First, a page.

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All radioactive particles and waves, from the entire electromagnetic spectrum, to alpha, beta, and gamma particles, possess the ability to eject electrons from atoms and molecules to create ions.
There are many types of radiation, but the two most common are electromagnetic radiation and ionizing radiation. Ionizing radiation refers to radioactive particles, such as alpha and beta particles, or electromagnetic waves, such as gamma or ultraviolet rays, which have sufficient energy to detach electrons off of atoms to create ions, hence the name “ionizing radiation.” Electromagnetic radiation, which sometimes can be placed as a subcategory of ionizing radiation, deals with waves or photons from the electromagnetic spectrum. Unlike ionizing radiation, electromagnetic radiation deals with electric and magnetic field oscillations such as with X-rays, radio waves, or gamma rays.
Radioactive decay of atoms creates three radioactive particles, alpha, beta, and gamma. Of the three, alpha particles are known to have the most “ionizing power,” a term describing the number of ion pairs produced per centimeter through a material, followed by beta, then gamma. However, a common misconception is that the higher ionizing power a particle has, the more damaging it is to matter. Electromagnetic waves can also ionize, hence the reason electromagnetic radiation is often placed as part of ionizing radiation.
The main effect radiation has on matter is its ability to ionize atoms to become ions, a phenomenon known as ionization, which is very similar to the photoelectric effect. Radioactive particles or electromagnetic waves with sufficient energy collide with electrons on the atom to knock electrons off the atom. The electron ejected off the atom is called the primary electron. When the primary electrons hold energy, a particle ejecting the primary electron may cause it to eject another electron, either on their own atom or on another atom. This is known as secondary ionization.
However, ionization does not have to completely eject an electron off the atom. It can raise the energy of the electron instead, raising the electron energy to a higher energy state. When the electron reverts to its normal energy level, it emits energy in the form of radiation, usually in the forms of ultraviolet rays or radio waves.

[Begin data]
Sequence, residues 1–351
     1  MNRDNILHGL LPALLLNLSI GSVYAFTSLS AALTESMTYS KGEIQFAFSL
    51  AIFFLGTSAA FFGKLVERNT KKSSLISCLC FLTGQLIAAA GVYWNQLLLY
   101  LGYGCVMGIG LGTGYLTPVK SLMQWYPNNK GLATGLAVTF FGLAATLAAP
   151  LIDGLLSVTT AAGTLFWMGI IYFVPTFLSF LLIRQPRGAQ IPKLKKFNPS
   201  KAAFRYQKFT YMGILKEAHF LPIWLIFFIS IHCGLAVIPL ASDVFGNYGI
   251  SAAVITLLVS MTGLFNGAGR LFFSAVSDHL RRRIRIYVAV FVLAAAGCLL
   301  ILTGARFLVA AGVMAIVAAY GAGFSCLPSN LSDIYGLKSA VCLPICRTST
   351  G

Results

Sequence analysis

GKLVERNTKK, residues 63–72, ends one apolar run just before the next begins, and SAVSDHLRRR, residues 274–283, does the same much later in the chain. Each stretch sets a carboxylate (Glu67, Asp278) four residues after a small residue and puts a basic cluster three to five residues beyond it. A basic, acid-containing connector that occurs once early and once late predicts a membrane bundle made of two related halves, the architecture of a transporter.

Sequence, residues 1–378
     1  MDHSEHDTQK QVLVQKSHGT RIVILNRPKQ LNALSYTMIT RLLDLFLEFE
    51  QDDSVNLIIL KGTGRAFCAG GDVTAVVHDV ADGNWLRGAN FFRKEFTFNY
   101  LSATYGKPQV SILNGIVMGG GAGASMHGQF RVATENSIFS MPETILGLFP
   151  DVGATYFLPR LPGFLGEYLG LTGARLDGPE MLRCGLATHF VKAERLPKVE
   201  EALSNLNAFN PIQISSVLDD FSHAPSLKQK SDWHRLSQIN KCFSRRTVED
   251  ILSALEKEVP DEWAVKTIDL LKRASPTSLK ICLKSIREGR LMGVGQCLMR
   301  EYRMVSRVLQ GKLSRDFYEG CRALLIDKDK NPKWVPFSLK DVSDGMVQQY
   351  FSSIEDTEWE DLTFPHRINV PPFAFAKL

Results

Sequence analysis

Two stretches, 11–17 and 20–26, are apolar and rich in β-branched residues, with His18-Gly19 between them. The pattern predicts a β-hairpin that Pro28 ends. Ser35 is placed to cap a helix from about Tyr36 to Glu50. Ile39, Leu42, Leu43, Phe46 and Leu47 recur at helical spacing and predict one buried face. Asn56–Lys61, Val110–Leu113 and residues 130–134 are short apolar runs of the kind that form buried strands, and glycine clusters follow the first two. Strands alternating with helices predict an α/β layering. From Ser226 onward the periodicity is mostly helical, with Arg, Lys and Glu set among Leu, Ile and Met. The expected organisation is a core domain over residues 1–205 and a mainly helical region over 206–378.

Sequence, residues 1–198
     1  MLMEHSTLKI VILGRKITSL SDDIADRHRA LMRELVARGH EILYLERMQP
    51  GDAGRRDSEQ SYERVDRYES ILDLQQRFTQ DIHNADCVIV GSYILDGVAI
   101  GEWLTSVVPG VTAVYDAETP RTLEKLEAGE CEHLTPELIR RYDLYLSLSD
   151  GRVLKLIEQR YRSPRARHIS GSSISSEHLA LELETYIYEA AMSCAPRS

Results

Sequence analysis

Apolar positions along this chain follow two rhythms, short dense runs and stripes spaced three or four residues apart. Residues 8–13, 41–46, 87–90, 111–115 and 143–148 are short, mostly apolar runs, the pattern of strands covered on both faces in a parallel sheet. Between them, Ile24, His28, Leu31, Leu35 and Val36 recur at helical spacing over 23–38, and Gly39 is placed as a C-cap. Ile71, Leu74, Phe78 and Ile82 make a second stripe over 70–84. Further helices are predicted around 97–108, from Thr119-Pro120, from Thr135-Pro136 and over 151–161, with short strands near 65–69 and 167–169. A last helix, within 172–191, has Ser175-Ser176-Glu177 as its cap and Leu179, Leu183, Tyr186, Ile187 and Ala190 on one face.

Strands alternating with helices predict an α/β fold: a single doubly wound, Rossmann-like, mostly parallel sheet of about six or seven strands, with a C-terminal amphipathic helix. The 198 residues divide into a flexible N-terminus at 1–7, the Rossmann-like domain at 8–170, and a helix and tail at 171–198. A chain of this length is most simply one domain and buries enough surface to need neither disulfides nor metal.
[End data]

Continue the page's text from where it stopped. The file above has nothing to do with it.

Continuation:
Radiation can be both natural and synthetic. Artificially induced radioactivity utilizes primary and secondary ionizations in order to emit X-rays. Most X-ray emission is due to the bombardment of electrons on a metal target. If the electrons have sufficient energy, the inner shell electrons of the atom fall out, and higher-leveled electrons fill in the hole left by the previous electrons. By doing so, packets of energy are released in the forms of X-ray photons. Other forms of ionizing radiation can produce UV and gamma rays in a similar manner. This type of radiation is known as “ionizing radiation.”
All charged particles and rays have the ability to be radioactive; however, not all rays and particles have the energy per photon to ionize atoms. This is known as “non-ionizing radiation.” Non-ionizing radiation has enough energy to excite electrons to move to a higher state, releasing photons of electromagnetic radiation such as visible light, near ultraviolet, and microwaves. Radio waves, microwaves, and neutron radiation (an important application in fission and fusion) all fall under non-ionizing radiation, as their respective energies are too low to ionize atoms.
(Courtesy of http://iforms.osha-slc.gov/SLTC/radiation/index.html)